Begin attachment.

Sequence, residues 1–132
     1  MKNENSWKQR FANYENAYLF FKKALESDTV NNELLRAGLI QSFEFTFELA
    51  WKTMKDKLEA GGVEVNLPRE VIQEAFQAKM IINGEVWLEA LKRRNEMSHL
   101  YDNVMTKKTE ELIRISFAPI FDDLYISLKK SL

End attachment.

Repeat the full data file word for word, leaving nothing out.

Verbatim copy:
Sequence, residues 1–132
     1  MKNENSWKQR FANYENAYLF FKKALESDTV NNELLRAGLI QSFEFTFELA
    51  WKTMKDKLEA GGVEVNLPRE VIQEAFQAKM IINGEVWLEA LKRRNEMSHL
   101  YDNVMTKKTE ELIRISFAPI FDDLYISLKK SL